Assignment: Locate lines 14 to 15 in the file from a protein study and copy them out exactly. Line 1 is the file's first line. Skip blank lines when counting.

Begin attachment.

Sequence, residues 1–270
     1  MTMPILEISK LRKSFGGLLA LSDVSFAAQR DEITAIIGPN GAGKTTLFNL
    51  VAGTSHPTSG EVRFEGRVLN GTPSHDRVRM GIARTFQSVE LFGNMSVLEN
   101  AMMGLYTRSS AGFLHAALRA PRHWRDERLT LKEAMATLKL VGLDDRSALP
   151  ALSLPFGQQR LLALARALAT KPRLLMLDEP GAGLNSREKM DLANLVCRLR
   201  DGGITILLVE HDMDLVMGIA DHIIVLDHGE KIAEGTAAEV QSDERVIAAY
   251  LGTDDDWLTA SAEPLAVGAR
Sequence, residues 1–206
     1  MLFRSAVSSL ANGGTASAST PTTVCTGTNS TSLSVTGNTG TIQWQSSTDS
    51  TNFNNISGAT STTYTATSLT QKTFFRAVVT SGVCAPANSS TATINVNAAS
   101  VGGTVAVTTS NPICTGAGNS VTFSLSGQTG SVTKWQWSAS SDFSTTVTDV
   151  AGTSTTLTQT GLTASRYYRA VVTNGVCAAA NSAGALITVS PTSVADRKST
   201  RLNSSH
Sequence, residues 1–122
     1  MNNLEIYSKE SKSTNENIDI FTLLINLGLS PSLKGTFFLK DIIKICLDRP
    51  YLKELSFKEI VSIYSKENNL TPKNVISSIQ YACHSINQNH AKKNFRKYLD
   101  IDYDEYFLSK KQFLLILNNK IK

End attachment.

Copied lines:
Sequence, residues 1–122
     1  MNNLEIYSKE SKSTNENIDI FTLLINLGLS PSLKGTFFLK DIIKICLDRP